Strengthening Pharmaceutical Systems

A Ukrainian pharmacist holds several pills in blister packaging. Photo credit: HFG Project
Photo credit: HFG Ukraine

Lives are saved by timely access to quality-assured, affordable, effective and safe pharmaceutical products and services that ensure their appropriate use. Medicines treat tuberculosis, preeclampsia, and diabetes; vaccines prevent the spread of measles and other infectious diseases; diagnostic testing detects disease and reduces the overuse of antibiotics; insecticide-treated bed nets protect against malaria; and condoms limit the spread of HIV. Without essential medicines and other health technologies, and pharmaceutical systems that regulate, supply, and promote their appropriate use, the health needs of a population cannot be met.

Strong pharmaceutical systems are necessary for high-quality health services, particularly for the most-vulnerable populations. Many poor families must pay for basic health products that are a major source of waste and are frequently mismanaged or administered and used in the wrong way. It is estimated that half of all medicines are prescribed, dispensed, sold, or taken inappropriately, and many are of poor quality, all of which accelerates development and spread of drug resistance.

Pharmaceutical systems are particularly vulnerable to corruption because of the high value of medical products. All parts of the supply chain can be compromised by weak pharmaceutical systems, including delayed selection of essential medicines; calculation of quantities to purchase; ability of hospitals and pharmacies to purchase medicines; and warehousing and distribution of medical products..

For more than 20 years, USAID has led efforts to improve pharmaceutical systems in developing countries with programs in pharmaceutical management, including supply chain management and medicines quality assurance systems strengthening. These efforts have encompassed the development of innovative approaches and tools (including open-source applications) and addressed Agency disease programs (e.g., malaria, TB, child health) and cross-cutting (e.g., medicine safety/pharmacovigilance) issues.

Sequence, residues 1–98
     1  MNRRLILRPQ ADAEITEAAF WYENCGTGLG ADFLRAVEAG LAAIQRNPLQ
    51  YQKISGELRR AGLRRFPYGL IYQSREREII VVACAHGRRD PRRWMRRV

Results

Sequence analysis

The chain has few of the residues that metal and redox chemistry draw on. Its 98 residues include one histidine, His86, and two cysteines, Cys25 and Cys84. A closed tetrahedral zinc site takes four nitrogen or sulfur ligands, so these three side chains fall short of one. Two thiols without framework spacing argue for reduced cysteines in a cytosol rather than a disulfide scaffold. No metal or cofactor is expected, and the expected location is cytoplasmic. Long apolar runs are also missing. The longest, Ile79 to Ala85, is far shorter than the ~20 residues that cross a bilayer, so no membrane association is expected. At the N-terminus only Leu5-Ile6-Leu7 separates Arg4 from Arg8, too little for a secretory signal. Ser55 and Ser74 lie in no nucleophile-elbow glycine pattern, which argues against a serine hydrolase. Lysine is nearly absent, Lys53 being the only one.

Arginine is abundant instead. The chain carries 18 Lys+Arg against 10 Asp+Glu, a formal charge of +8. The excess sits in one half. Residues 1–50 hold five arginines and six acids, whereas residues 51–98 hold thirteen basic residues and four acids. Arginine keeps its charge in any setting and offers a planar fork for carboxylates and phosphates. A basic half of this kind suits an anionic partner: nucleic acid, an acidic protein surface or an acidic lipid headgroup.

Pharmaceutical systems strengthening is a key element in USAID’s Vision for Health Systems Strengthening 2015–2019. The Agency’s priority objectives in this area are to:

  1. Strengthen supply chain components to ensure the uninterrupted supply of quality-assured health commodities, including creating a supportive environment for commodity security.
  2. Strengthen regulatory capacity to protect the public from substandard and falsified products, and pharmaceutical sector governance to promote transparency and accountability through laws, regulations, policies, and standard operating procedures.
  3. Increase and enhance human and institutional capacity to manage pharmaceutical systems and services, including promoting evidence-based use of medications, assuring therapeutic efficacy, protecting patient safety, and slowing the emergence and spread of antimicrobial resistance.

A strong pharmaceutical system has established leadership and governance; effective regulation; robust financing for products and their management; a well-trained workforce and well-run organizations (from national institutions to local drug shops); reliable product and patient information; medical products and technologies available when and where needed; and services that promote rational use and protect patient safety.

The Agency conceptualizes this systems view in the following graphic:

Flowchart depicting the USAID Pharmaceutical System Strengthening Approach.

Learn more about our work in pharmaceutical systems strengthening:

New Tool to Measure Strength of Pharmaceutical Systems

USAID’s Medicines, Technologies, and Pharmaceutical Services program [PDF, 3.2MB]

USAID’s Promoting the Quality of Medicines program

USAID’s Global Health Supply Chain program

USAID’s System for Improved Access to Pharmaceuticals and Services program (2011-2018)

Last updated: June 02, 2019

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